Washington, D.C. – Oregon’s U.S. Senators Jeff Merkley and Ron Wyden today announced that a total of $22,972,499 in Department of Health and Human Services grants to combat the opioid crisis is coming to the State of Oregon and Tribes.
According to the National Center for Health Statistics, in 2021, Oregon overdose deaths increased 41%, compared to a 16% increase nationwide. In 2020 non-Hispanic American Indian and Alaska Native, non-Hispanic Black, male and people experiencing houselessness were among the highest risk for unintentional drug overdose death.
“I’ve heard heart-wrenching stories from Oregonians who have lost loved ones after a prescription for an injury or treatment turned into an addiction,” said Merkley.“ The impact of this crisis across communities is immeasurable, but these funds will have a real impact on our continued fight to beat this epidemic. I won’t stop working to deliver resources, solutions, and support to address the needs of those suffering and their communities.”
“Every corner of Oregon has been slammed by the opioid crisis that’s ripping apart lives, with the human devastation rippling out as well to victims’ loved ones, employers and communities,” Wyden said. “This scourge demands a comprehensive response and this federal investment in prevention, treatment and more will help. But there’s obviously much more to be done, and I’ll keep battling to provide all the resources needed to attack this crisis with the urgency it requires.”
Recipients and awards can be found below:
- $498,228 to the Confederated Tribes of the Grand Ronde Community of Oregon
- $15,474,271 to Oregon Health Authority Directors Office of Financial Services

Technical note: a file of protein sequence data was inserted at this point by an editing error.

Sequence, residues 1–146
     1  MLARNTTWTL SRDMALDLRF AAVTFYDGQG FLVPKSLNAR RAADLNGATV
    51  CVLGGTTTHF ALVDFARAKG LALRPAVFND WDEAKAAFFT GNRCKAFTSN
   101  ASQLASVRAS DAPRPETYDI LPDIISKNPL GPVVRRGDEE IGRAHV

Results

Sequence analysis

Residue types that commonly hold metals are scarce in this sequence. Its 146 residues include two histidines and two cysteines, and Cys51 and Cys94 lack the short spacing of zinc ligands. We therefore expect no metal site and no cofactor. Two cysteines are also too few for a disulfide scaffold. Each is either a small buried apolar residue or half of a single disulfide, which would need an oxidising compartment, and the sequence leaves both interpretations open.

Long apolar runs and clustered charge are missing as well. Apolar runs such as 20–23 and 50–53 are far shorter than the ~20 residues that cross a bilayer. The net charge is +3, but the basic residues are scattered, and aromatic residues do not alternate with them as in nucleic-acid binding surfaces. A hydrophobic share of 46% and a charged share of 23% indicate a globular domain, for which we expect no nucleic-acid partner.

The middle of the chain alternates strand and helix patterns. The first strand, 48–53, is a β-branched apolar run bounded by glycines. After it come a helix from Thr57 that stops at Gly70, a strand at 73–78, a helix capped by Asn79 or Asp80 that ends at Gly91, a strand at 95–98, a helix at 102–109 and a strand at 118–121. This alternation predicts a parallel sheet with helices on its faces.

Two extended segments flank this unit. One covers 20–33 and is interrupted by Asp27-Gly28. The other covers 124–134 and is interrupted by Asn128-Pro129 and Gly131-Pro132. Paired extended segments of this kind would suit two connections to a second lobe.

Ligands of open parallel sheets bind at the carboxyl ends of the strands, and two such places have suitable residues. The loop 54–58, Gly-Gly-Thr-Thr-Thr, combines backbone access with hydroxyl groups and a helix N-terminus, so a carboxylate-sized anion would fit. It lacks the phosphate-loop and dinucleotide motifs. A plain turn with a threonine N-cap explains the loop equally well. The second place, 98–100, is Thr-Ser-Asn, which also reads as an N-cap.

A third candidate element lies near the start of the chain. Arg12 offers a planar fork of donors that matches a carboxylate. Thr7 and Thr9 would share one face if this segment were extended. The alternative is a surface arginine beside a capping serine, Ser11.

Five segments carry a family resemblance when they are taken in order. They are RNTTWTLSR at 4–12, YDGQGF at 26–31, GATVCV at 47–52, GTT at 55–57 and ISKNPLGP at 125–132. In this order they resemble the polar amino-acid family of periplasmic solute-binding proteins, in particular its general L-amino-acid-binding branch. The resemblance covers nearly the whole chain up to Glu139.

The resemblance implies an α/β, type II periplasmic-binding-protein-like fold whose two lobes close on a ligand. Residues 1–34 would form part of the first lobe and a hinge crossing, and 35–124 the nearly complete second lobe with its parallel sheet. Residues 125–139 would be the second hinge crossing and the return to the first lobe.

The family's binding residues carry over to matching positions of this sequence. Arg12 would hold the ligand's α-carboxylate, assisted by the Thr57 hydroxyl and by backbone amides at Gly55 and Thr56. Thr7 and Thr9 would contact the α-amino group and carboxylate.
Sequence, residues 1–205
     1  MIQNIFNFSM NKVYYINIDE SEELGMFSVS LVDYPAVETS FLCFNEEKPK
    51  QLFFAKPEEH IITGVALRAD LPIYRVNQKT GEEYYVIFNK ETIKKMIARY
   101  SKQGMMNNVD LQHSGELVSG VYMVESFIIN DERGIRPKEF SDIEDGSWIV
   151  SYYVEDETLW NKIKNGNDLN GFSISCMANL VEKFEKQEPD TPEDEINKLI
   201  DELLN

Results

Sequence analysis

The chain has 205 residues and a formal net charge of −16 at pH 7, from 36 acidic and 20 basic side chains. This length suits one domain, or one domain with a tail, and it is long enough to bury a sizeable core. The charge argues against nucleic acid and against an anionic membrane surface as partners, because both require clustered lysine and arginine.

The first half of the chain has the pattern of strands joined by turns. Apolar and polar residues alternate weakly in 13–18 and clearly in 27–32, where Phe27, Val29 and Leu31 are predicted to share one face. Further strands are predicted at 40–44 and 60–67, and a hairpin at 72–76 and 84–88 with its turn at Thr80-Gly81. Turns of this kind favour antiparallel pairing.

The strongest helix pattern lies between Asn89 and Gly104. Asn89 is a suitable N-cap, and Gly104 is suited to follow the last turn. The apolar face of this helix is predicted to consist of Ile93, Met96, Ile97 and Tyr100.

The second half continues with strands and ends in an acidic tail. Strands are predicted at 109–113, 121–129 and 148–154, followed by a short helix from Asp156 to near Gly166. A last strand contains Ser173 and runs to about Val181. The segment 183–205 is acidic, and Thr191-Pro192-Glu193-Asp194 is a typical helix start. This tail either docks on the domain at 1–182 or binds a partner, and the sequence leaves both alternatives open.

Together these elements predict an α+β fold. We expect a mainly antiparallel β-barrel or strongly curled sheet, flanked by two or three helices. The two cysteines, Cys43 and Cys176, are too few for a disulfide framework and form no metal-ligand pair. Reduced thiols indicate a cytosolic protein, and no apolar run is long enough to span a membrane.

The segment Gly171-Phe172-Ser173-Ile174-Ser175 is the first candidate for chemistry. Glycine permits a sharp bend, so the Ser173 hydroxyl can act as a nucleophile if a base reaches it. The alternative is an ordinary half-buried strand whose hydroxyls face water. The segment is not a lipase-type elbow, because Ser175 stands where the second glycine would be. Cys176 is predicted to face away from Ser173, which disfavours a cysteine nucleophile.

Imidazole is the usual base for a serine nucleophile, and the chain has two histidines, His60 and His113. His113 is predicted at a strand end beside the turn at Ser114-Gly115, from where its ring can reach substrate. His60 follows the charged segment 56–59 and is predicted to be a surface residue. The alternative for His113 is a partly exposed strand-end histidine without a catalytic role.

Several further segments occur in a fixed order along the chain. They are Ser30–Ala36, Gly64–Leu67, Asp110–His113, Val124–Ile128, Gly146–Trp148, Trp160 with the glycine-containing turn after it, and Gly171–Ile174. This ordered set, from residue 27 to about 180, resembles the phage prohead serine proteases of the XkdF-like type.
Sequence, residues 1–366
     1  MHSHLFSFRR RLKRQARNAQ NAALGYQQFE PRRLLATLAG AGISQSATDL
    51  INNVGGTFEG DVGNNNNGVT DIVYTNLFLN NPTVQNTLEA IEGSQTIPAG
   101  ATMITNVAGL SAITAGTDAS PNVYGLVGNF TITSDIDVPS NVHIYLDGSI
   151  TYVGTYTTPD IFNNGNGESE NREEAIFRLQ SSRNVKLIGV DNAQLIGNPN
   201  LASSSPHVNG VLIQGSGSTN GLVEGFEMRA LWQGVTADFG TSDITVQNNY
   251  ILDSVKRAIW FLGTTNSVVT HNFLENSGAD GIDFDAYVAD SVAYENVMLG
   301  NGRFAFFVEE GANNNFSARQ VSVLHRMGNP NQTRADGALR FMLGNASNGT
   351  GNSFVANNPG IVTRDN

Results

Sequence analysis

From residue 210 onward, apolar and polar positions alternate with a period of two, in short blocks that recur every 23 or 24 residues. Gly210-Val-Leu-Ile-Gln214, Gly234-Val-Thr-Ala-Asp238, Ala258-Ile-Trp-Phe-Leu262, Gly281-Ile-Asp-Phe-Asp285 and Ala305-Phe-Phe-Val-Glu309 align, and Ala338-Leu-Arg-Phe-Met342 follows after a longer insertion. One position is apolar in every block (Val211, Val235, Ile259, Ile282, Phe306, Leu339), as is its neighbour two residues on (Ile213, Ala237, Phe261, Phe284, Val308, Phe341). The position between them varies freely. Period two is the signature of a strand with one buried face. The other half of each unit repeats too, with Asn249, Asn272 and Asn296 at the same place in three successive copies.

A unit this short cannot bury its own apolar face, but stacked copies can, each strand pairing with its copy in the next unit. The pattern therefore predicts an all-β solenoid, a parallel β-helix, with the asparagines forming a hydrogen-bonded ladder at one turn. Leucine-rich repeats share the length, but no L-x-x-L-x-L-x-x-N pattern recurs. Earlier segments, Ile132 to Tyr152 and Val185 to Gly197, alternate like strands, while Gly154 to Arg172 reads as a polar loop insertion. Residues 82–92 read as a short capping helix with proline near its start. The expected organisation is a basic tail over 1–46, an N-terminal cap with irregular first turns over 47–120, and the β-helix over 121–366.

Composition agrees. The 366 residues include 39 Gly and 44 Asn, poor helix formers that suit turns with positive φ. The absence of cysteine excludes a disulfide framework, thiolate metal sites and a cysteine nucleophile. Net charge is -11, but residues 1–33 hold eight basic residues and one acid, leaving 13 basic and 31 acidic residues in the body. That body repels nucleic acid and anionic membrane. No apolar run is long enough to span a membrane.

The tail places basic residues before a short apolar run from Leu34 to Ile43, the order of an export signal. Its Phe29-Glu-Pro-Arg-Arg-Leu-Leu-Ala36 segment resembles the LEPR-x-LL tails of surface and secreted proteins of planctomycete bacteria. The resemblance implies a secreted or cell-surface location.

- $6,750,000 to Northwest Portland Area Indian Health Board
- $250,000 to the Confederated Tribes of Siletz Indians
These awards are intended to address the opioid overdose crisis by providing resources to states, territories, and Tribes for increasing access to FDA-approved medications for the treatment of opioid use disorder (OUD), and for supporting the continuum of prevention, harm reduction, treatment, and recovery support services for opioid use disorder (OUD) and other concurrent substance use disorders.
“Every day opioid addiction takes lives and destroys families,” said Cheryle A. Kennedy, Chairwoman for the Confederated Tribes of Grand Ronde. “With this funding from Health and Human Services we will be able to provide critical services through our clinic, Great Circle Recovery, and support patients on their path through recovery.”
“Our tribe is so thankful for the funds we will receive,” said Delores Piglsey, Chair of The Confederated Tribes of Siletz Indians. “The opioid crisis has affected our community. The funds will be used for wellness programs, mental health treatment, and every preventative measure that we have been unable to perform without the funding. Recovery efforts are severely needed in rural communities. We thank our Senator for his active participation in recognizing our unique needs.”